The case was thus so far clear. But anxiety remained. Was the plan abandoned altogether, now that Sylvia had stood bravely up and warned her father that she would not keep silent? So certainly Sylvia thought. But then she did not know all that Chayne knew. It seemed that she had not understood the incident of the lighted window. Nor was Chayne surprised. For she was unaware of what was in Chayne’s eyes the keystone of the whole argument. She did not know that her father had worked as a convict in the Portland quarries.
“So they are abroad together, your father and Walter Hine,” said Chayne, slowly.
“Yes!” replied Sylvia, with a smile. “Guess where they are now!” and she turned to him with a tender look upon her face which he did not understand.
“I can’t guess.”
She saw her lover flinch, his face grow white, his eyes stare in horror. And she wondered. For her the little town, overtopped by its tumbled glittering fields of snow and tall rock spires was a place apart. She cherished it in her memories, keeping clear and distinct the windings of its streets, where they narrowed, where they broadened into open spaces; yet all the while her thoughts transformed it, and made of its mere stones and bricks a tiny city magical with light and grace. For while she stayed in it her happiness had dawned and she saw it always roseate with that dawn. It seemed to her that plots and thoughts of harm could there hardly outlive one starlit night, one sunlit day. Had she mapped out her father’s itinerary, thither and nowhere else would she have sent him.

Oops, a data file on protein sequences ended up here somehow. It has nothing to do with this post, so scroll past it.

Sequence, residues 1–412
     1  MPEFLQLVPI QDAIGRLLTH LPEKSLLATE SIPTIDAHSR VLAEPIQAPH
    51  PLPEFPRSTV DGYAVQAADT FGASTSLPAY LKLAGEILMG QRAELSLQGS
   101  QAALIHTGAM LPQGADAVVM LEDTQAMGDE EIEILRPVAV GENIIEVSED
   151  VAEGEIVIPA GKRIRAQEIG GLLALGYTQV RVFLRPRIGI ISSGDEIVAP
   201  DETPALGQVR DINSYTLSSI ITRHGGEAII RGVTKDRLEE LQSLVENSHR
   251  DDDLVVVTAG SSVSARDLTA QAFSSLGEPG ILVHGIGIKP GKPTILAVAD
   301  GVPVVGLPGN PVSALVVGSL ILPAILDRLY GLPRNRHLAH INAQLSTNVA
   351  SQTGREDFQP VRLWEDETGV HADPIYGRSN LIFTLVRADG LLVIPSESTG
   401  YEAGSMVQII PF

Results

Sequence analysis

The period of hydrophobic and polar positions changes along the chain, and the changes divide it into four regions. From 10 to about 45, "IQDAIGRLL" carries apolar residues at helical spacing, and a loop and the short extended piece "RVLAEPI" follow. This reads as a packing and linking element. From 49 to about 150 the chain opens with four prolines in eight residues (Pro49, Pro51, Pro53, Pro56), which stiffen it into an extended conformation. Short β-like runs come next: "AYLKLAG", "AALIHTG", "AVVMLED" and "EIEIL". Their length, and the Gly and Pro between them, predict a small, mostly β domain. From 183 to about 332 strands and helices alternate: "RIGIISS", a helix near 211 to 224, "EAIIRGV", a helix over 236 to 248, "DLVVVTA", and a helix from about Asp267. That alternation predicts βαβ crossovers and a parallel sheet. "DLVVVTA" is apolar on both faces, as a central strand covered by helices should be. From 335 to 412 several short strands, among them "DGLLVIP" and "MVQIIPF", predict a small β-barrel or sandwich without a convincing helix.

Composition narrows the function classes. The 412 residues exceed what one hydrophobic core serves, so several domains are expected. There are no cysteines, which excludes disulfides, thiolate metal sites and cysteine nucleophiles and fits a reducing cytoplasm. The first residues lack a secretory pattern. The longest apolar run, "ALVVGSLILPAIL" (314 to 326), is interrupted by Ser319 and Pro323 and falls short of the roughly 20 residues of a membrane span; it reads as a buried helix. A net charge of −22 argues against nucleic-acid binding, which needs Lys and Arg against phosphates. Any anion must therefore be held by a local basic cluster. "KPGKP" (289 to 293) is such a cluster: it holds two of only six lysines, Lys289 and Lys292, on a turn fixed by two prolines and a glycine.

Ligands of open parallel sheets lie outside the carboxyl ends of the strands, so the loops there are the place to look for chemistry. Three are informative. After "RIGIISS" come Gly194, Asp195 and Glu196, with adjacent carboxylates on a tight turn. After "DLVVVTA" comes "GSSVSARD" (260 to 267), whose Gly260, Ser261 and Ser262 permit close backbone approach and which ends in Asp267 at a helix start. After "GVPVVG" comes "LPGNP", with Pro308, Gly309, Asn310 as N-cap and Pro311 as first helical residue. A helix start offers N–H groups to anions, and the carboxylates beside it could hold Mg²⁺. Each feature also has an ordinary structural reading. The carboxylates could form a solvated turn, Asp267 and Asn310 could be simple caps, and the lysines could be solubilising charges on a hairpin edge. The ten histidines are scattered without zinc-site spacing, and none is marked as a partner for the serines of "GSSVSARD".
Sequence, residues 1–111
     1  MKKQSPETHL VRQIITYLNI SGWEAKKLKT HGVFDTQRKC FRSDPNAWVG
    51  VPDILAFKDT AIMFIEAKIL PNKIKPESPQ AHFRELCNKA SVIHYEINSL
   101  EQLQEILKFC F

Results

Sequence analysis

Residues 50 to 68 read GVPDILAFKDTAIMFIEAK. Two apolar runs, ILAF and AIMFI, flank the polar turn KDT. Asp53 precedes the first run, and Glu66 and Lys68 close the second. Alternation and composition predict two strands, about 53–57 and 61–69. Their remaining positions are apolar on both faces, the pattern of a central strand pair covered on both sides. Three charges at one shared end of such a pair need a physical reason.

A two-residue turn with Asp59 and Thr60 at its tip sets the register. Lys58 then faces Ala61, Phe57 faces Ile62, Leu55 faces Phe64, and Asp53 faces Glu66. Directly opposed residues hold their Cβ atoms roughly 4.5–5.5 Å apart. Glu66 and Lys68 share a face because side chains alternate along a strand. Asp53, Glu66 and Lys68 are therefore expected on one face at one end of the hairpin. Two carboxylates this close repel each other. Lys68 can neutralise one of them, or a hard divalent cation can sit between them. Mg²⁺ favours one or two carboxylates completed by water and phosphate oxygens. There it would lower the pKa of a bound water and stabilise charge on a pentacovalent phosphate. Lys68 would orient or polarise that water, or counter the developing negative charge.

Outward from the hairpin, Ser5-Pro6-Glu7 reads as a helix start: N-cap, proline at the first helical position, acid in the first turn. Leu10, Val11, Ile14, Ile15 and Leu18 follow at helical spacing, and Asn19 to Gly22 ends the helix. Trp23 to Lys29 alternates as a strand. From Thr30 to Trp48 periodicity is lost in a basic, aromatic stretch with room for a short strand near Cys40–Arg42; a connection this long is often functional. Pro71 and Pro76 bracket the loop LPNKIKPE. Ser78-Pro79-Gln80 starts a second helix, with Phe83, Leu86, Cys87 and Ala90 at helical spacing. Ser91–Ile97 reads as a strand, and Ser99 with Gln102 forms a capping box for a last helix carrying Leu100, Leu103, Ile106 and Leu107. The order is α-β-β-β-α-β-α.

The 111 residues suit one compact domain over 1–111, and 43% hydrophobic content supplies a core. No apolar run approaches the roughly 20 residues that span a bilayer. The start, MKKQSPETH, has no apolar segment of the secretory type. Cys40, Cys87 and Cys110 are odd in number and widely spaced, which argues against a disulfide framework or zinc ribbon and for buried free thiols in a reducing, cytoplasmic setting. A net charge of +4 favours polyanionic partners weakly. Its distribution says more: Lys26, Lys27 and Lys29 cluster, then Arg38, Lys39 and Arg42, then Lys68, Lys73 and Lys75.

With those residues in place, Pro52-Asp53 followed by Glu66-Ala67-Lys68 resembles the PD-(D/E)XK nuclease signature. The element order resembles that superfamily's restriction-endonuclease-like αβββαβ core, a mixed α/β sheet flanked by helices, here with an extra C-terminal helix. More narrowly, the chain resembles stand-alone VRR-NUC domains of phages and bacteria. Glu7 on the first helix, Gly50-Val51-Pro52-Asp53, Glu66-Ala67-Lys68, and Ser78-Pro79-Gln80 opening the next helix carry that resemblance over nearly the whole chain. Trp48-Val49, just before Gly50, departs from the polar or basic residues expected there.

“You are afraid?” she asked. “Hilary, why?”
Chayne did not answer her question. He was minded to spare her, even as she had spared him. He talked of other things until the restaurant grew empty and the waiters began to turn out the lights as a hint to these two determined loiterers. Then in the darkness, for now there was but one light left, and that at a little distance from their table, Chayne leaned forward and turning to Sylvia, as they sat side by side:
“You have been happy to-night?”
“Very,” she answered, and there was a thrill of joyousness in her clear, low voice, as though her heart sang within her. Her eyes rested on his with pride. “No man could quite understand,” she said.
“Well then, why should we wait longer, Sylvia?” he said. “We have waited long enough, my dear. We have after all no one but ourselves to please. I should like our marriage to take place as soon as possible.”
Sylvia answered him without affectation.
“I, too,” she whispered.
“To-morrow then! I’ll get a special license to-morrow morning, and make the arrangements. We can go away together at once.”
Sylvia smiled, and the smile deepened into a laugh.
“Where shall we go, Hilary?” she cried. “To some perfect place.”
“To Chamonix,” he answered. “That was where we first met. There could be no better place. We can just go and tell your father what we have done and then go up into the hills.”
It was well done. He spoke without wakening Sylvia’s suspicions. She had never understood the episode of the lighted window; she did not know that her father was Gabriel Strood, of whose exploits in the Alps she had read; she believed that all danger to Walter Hine was past. Chayne on the other hand knew that hardly at any time could Hine have stood in greater peril. To Chamonix he must go; and to Chamonix he must take Sylvia too. For by the time when he could reach Chamonix, he might already be too late. There might be publicity, inquiries, and for Garratt Skinner ruin, and worse than ruin. Would Sylvia let her lover share the dishonor of her name? He knew very surely she would not. Therefore he would have the marriage.
“By the way,” he said, as he draped her cloak about her shoulders. “You have that telegram from Jarvice?”
“That’s good,” he said. “It might be useful.”